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In a practical sense, we need to take the data another step. How might an actual (for purposes of this article all data is in fact historical and hypothetical) portfolio of sector indexes be constructed and expected to perform? It has been our experience that in an effort to most honestly look at backtested material, the allocations within those tests must be of equal dollar weight. With 20/20 hindsight, it would be easy to allocate more assets to better-performing sectors and skew the results. It is also how we manage assets in the real world, since no one has 20/20 foresight.
The data in the Adding Sectors Chart holds no real surprises. Adding sectors will lower the overall return, but has the advantage of alleviating volatility (as measured by standard deviation). There is clearly added benefit to eliminating sectors from a portfolio on an annual basis, as it is clear that the diminished volatility of owning all sectors in the sample is too costly (in our opinion) a price to pay for the diminished reutrn.
Where along the arc of return and volatility an investor would be most comfortable is an individual choice. Our experience in the cauldron of actual portfolio management and client relations suggests that some level of sector diversification is called for, and full disclosure of expected returns and volatility is a must. There is no "right" allocation, only an allocation with which investor and advisor can align expectations.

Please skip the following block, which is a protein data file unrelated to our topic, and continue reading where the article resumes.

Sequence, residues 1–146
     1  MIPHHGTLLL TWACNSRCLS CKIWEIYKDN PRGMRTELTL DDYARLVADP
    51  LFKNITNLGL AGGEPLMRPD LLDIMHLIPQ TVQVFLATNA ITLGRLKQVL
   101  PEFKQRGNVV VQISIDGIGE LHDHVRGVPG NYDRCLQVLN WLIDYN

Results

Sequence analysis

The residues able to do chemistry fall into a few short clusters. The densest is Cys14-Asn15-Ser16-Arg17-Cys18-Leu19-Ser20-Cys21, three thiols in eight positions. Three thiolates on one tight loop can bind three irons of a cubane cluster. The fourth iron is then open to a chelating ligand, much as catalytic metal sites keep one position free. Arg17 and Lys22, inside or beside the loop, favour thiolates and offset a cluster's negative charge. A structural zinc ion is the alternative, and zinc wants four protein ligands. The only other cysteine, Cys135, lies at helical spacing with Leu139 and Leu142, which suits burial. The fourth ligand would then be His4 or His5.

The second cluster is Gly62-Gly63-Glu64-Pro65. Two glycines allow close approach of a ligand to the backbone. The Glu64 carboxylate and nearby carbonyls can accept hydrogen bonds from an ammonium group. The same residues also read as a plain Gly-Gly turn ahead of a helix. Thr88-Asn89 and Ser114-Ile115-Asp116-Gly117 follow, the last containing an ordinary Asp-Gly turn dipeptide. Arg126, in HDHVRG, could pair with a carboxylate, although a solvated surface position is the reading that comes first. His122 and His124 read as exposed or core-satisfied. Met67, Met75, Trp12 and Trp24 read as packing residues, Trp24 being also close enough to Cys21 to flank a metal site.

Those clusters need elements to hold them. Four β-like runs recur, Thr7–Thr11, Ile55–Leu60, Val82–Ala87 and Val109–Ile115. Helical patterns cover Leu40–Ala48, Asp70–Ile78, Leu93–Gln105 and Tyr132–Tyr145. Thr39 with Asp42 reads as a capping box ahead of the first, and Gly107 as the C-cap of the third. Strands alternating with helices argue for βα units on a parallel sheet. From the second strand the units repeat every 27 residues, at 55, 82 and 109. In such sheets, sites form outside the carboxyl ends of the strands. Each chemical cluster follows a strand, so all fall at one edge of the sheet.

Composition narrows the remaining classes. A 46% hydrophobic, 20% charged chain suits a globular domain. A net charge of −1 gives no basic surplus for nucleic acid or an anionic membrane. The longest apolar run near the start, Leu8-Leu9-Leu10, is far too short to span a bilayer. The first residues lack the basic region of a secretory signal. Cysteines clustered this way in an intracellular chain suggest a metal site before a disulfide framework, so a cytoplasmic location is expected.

Implications And Summary
The most apparent implication of our work here is that, once again, the stability and market sensitivity of indexes, be they grouped in a Three Factor Model priority or, as we have attempted to show here, in a sector model, will best serve investors. This superior service is also evident if a long-term momentum discipline is used to create and maintain a portfolio of sector indexes. I restate that our data here can be recreated in real portfolios using iShare/Dow Jones sectors or using other products to an individual investor's liking, but that our results and data are reflections of the iShare/Dow Jones product.
Another implication that I think is very significant is the proof that diversification in and of itself has limited benefit to a portfolio designed with long-term momentum as a basis. As we see in our second exhibit, the more diversification, the lower the return. There is a point along the arc that will suffice for most investors that is well short of the need to own all sectors at a single time. Diversification up to a point is beneficial, in particular as it eases investor discomfort associated with volatility, but beyond that it would seem to have negative implications.
We give no weight or significance to any individual sector. Each is allocated to our model exclusively based on its prior year ranking in the sample.
Perhaps the implication that is the most unnerving for many investors is one that we draw from our first exhibit of the Ranked Sectors. It is our belief that this data suggests that the old saw of "buy low, sell high," needs a little revising. Buying anything low is of course ideal; determining when "low" is "low" is a real problem. What we think our data may best suggest is that an investor should hold high - it will serve them better - until the sector (in this model) for whatever reason reverses its course from positive to negative momentum.
In summary, back in 2001 we missed the power of ETFs to propel a sector strategy based on our unique momentum discipline. The fact that there are index-based ETFs in the sector space, coupled with ETFs' inherent cost and tax efficiency, make these asset classes prime targets for momentum-based strategies. Because ETFs lend themselves so well to a prudent momentum program, we have now entered the space with enthusiasm.